# Fastest algorithm to identify the smallest and largest x that make the double-precision equation x + a == b true

In the context of static analysis, I am interested in determining the values of `x` in the then-branch of the conditional below:

``````double x;
x = …;
if (x + a == b)
{
…
``````

`a` and `b` can be assumed to be double-precision constants (generalizing to arbitrary expressions is the easiest part of the problem), and the compiler can be assumed to follow IEEE 754 strictly (`FLT_EVAL_METHOD` is 0). The rounding mode at run-time can be assumed to be to nearest-even.

If computing with rationals was cheap, it would be simple: the values for `x` would be the double-precision numbers contained in the rational interval (b - a - 0.5 * ulp1(b) … b - a + 0.5 * ulp2(b)). The bounds should be included if `b` is even, excluded if `b` is odd, and ulp1 and ulp2 are two slightly different definitions of “ULP” that can be taken identical if one does not mind losing a little precision on powers of two.

Unfortunately, computing with rationals can be expensive. Consider that another possibility is to obtain each of the bounds by dichotomy, in 64 double-precision additions (each operation deciding one bit of the result). 128 floating-point additions to obtain the lower and upper bounds may well be faster than any solution based on maths.

I am wondering if there is a way to improve over the “128 floating-point additions” idea. Actually I have my own solution involving changes of rounding mode and `nextafter` calls, but I wouldn't want to cramp anyone's style and cause them to miss a more elegant solution than the one I currently have. Also I am not sure that changing the rounding mode twice is actually cheaper than 64 floating-point additions.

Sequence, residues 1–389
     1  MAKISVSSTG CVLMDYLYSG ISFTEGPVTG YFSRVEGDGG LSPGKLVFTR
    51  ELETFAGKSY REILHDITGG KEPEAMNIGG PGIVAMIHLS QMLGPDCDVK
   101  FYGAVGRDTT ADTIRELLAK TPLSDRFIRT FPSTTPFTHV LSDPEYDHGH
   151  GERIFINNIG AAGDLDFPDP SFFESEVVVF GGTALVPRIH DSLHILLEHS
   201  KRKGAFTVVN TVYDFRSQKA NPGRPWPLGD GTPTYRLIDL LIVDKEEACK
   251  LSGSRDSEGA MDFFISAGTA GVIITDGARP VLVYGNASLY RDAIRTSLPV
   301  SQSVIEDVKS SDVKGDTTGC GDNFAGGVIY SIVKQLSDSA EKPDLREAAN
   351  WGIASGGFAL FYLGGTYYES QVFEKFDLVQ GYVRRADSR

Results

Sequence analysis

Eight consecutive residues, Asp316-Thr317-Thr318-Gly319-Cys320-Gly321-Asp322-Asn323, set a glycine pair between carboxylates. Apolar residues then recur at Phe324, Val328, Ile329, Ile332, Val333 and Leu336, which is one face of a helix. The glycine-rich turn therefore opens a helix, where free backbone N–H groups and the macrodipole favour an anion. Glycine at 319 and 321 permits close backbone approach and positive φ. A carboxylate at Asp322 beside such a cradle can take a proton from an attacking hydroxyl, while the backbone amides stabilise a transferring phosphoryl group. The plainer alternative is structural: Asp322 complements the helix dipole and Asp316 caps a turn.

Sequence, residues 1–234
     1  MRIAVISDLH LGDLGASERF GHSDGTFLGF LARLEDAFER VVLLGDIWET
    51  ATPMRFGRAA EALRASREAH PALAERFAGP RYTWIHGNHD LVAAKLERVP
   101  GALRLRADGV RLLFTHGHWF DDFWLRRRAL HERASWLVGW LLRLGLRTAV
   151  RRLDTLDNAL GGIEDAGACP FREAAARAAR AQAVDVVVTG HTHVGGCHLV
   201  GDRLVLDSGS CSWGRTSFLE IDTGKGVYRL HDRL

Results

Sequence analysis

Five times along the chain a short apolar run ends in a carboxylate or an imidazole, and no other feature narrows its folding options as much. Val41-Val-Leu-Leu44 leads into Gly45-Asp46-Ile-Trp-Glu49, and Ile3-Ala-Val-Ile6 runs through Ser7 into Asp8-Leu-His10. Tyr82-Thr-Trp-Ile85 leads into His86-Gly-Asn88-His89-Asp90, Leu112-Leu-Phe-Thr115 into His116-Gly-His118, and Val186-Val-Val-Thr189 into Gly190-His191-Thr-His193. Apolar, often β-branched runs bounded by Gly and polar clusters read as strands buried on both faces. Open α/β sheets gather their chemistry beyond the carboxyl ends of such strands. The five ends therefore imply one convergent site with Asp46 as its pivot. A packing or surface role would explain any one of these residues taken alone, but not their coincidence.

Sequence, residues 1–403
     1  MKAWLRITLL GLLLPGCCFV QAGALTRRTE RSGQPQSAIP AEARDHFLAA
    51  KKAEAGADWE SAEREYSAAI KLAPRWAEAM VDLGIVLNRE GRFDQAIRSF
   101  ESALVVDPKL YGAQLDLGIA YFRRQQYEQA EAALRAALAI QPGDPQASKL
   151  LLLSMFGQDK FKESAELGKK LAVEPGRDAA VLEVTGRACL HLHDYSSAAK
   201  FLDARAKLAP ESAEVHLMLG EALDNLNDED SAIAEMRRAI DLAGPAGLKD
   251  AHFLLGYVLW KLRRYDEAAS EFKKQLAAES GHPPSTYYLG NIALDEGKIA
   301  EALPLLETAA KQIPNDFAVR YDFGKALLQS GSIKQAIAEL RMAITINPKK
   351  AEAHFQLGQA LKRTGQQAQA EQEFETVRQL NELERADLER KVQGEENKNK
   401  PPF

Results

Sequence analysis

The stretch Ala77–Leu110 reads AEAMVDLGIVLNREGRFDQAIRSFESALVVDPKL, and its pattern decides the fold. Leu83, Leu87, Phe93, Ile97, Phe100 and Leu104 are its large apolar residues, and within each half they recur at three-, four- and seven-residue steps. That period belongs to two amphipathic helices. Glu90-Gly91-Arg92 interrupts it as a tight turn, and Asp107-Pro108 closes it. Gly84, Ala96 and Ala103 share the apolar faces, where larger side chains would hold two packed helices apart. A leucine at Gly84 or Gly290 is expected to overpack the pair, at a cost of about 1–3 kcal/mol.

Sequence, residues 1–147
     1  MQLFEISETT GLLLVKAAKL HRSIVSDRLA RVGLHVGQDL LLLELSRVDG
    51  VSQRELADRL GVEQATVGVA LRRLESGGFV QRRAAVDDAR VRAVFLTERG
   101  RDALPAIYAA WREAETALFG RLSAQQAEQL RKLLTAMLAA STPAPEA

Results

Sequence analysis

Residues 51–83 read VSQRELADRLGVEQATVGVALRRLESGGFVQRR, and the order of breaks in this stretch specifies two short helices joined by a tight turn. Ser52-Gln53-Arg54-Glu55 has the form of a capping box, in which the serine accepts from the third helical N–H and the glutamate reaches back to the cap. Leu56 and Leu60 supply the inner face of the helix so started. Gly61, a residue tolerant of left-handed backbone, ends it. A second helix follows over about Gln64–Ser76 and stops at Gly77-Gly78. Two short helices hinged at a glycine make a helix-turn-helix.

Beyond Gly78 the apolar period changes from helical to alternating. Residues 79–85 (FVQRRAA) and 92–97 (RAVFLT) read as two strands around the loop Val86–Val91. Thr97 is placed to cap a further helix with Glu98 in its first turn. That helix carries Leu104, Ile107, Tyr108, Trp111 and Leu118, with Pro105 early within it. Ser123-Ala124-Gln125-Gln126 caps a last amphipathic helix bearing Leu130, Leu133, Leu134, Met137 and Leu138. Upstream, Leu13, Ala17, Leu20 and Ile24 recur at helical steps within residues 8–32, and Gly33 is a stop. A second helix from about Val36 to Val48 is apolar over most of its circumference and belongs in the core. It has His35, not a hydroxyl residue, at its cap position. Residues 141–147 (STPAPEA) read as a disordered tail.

• Could you use binary search to bisect to the values that you want? It would seem like this should be possible since the number of bits is low. – templatetypedef Jun 14 '14 at 18:47
• @templatetypedef the “128 floating-point additions” solution I sketch out is a binary search over the representation of floating-point numbers, and the one that I don't want to show because I don't know if it is actually an improvement reduces the initial interval to bisect by computing an over-approximated range of candidates, that would then need to be refined by binary search. – Pascal Cuoq Jun 14 '14 at 18:54
• @templatetypedef I am sort of hoping that someone will come up with a theorem of floating-point arithmetics that solves the problem more elegantly. – Pascal Cuoq Jun 14 '14 at 18:56
• Have you considered hybrid approaches? Do some analysis of the numbers to get the approximate range, then refine using binary search. – Patricia Shanahan Jun 14 '14 at 19:08
• @PatriciaShanahan The solution I didn't want to show is to start from the range rd(nextafter(b, -INFINITY) - a) … ru(nextafter(b, +INFINITY) - a) as initial approximation of the lower bound, then use either bitwise operations on the floating-point representation or floating-point arithmetics to refine the result. Then refine the upper bound starting from the same initial interval. – Pascal Cuoq Jun 14 '14 at 19:18

If computing with rationals was cheap, it would be simple: the values for x would be the double-precision numbers contained in the rational interval (b - a - 0.5 * ulp1(b) … b - a + 0.5 * ulp2(b)). The bounds should be included if b is even, excluded if b is odd, and ulp1 and ulp2 are two slightly different definitions of “ULP” that can be taken identical if one does not mind losing a little precision on powers of two.